Filmmaking is one of the most financially demanding career paths. It is no mystery to anyone that film equipment can be quite expensive, and that the variety of gear you need to have to get the ball rolling can ramp up the costs way beyond any amateur’s budget. Luckily for us, nowadays there are more options than ever, and plenty of them are more affordable than they used to. However, the age-old question remains: what is the best way to start investing in film equipment? Every artist’s ideas and needs are different, but below we break down the key areas in which you may want to put your money if you’re just starting out.
Lenses and cameras
When talking about filmmaking, one of the first things that come to mind is getting a camera. If you are just starting out, you don’t need to shell out everything you got in a new camera. A smart investment is looking for used cameras online or at your local marketplaces. You can find great deals in used equipment, and for the money you could spend on a new camera, you could get a higher tier device if you buy used.
The same thing goes for lenses. If you absolutely feel like you should get a new lens, consider getting a zoom lens that covers a decent amount of range, which can get you through most situations. Nowadays, if your budget allows it, some manufacturers sell lens kits that are affordable enough in contrast to brand equipment.
Audio recording equipment
One thing you cannot neglect in this line of work is audio recording. While you may be able to get by with your built-in camera microphone, it can only get you so far. Sooner rather than later, you’ll realize you need to have dedicated audio equipment for your projects.
The same advice that applies to cameras and lenses applies here. Fortunately, used and affordable audio gear is plentiful, though as usual, the thing you need to look out for the most is that the equipment is in good shape. A recorder, a cable, and a boom mic and pole should suffice for most shootings. Later on, you can invest in wireless tech like lavalier mics for additional audio coverage.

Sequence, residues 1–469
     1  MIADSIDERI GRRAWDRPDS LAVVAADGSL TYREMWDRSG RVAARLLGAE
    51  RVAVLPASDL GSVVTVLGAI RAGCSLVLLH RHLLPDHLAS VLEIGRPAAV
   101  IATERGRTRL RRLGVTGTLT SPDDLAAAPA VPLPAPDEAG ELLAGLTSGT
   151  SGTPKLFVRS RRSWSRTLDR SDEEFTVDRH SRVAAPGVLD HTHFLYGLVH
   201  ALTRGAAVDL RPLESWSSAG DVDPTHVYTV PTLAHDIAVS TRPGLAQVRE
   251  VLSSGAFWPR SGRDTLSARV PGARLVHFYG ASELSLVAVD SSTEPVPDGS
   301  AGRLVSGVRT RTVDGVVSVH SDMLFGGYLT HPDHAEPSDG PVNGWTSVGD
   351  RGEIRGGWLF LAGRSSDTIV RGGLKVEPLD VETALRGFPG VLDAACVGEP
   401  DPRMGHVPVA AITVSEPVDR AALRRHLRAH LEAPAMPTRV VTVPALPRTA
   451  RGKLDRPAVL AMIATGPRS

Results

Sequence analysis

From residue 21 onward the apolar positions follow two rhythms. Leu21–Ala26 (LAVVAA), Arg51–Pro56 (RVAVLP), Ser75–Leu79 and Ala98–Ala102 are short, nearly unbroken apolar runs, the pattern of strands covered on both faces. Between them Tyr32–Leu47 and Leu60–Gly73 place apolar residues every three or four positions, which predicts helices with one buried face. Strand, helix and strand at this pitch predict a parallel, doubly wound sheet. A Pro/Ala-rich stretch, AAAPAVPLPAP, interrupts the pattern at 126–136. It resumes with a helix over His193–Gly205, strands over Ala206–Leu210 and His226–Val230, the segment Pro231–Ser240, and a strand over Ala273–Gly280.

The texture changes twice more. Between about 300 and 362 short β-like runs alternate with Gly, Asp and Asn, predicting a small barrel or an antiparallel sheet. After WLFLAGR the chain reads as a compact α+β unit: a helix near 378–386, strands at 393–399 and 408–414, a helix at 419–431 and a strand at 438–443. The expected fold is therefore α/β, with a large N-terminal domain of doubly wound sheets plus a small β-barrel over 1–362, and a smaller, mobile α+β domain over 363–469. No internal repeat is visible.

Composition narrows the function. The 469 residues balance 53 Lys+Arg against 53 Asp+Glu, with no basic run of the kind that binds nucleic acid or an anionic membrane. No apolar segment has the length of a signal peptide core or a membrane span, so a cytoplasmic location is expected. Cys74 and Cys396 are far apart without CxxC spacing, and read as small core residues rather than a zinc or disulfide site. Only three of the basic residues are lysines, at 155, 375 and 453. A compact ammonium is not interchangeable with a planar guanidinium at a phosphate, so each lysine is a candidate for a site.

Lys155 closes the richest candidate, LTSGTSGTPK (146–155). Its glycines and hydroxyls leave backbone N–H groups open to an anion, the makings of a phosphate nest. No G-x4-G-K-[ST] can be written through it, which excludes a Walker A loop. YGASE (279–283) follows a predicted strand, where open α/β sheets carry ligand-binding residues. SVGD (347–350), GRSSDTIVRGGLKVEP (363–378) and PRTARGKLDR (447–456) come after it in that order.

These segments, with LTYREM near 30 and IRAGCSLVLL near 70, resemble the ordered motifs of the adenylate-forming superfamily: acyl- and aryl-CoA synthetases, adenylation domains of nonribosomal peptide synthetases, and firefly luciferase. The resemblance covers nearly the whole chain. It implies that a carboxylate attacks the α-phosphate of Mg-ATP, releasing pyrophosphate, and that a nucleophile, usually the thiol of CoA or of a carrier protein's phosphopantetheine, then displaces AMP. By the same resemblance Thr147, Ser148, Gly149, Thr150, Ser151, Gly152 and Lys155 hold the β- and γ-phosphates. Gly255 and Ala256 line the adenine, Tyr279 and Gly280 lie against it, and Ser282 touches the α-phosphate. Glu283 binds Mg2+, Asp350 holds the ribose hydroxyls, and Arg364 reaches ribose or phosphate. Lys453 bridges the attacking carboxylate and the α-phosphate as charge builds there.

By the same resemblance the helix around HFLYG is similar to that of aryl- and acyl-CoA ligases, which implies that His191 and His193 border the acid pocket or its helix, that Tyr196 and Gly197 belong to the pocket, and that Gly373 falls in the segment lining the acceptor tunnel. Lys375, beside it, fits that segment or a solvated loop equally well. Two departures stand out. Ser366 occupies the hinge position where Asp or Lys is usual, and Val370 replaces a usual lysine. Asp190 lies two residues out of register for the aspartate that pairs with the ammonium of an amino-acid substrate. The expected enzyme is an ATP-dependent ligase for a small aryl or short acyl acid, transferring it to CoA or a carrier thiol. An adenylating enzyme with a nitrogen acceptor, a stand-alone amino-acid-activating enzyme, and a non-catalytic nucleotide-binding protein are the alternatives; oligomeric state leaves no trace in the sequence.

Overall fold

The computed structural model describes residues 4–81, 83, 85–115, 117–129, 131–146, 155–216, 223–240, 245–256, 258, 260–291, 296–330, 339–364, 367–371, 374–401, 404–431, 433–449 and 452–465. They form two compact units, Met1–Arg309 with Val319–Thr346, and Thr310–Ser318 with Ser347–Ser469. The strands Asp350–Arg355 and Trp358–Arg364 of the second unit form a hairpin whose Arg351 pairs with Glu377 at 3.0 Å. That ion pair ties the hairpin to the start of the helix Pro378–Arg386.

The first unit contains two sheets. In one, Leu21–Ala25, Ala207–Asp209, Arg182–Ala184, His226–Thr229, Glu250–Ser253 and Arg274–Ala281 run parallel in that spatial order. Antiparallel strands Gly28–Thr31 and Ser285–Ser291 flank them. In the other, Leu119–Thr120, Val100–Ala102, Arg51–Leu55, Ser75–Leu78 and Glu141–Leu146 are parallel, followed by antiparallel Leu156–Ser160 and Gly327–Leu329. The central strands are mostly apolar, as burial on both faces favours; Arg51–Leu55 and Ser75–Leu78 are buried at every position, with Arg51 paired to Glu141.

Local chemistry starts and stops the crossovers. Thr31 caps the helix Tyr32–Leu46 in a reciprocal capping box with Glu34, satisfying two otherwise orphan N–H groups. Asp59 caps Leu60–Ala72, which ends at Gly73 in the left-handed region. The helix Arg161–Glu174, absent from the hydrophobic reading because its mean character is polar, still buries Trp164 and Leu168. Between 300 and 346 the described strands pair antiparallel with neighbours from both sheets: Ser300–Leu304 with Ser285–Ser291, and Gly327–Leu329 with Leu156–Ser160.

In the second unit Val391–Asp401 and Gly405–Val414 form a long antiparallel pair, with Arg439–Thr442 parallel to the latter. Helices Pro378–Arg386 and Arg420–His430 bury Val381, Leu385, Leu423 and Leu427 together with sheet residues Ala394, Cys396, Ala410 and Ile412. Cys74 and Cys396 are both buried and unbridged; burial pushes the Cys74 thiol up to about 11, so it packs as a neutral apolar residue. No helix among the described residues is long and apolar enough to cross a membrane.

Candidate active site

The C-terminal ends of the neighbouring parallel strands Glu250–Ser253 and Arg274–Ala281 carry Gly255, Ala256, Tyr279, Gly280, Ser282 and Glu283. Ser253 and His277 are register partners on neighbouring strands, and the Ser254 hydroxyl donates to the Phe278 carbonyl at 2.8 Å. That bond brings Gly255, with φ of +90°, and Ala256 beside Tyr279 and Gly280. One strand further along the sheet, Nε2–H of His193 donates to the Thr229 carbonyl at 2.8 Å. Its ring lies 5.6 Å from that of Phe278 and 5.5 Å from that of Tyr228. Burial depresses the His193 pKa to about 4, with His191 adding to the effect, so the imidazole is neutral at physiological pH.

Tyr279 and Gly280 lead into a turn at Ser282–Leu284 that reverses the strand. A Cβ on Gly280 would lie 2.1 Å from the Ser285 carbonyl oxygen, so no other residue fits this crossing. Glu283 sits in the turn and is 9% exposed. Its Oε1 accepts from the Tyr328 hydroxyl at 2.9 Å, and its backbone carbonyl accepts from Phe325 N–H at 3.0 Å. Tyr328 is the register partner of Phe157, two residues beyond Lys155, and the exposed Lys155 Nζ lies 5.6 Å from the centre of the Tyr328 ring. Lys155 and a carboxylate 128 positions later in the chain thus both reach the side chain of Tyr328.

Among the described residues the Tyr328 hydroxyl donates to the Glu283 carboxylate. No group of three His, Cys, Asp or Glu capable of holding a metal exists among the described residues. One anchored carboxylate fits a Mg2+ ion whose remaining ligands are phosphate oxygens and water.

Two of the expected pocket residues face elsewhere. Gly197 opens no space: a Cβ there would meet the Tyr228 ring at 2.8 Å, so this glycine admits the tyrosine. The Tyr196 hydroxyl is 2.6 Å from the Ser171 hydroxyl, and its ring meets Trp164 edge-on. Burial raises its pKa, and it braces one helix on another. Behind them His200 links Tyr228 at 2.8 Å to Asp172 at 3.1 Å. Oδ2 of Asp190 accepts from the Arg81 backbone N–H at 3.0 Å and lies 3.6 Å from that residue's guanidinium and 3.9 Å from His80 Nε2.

Lighting and grip gear
Lighting equipment is perhaps the field that has most benefited from technology advancements bringing costs way down. Illuminating a scene with strategically placed LED lights, bounces, and natural light is more than doable today.
In that sense, perhaps one of the most useful lights you can invest in besides an LED panel is a softbox. Most of the time, you will have a key light source around which you can work. A softbox allows you to use it as the fill light you need most of the time to complement your scene. If you can’t afford a bounce to use as a back light or additional fill light, you can always get a mirror instead or a Styrofoam panel.
If you can afford it, a used c-stand is also a worthwhile investment since you’ll get plenty of value out of it and it will hardly deteriorate enough to make it necessary to get a new one. Any additional piece of gear you get that you’re not using constantly, you can rent out to friends or other professionals that are also starting out and can’t afford their own gear.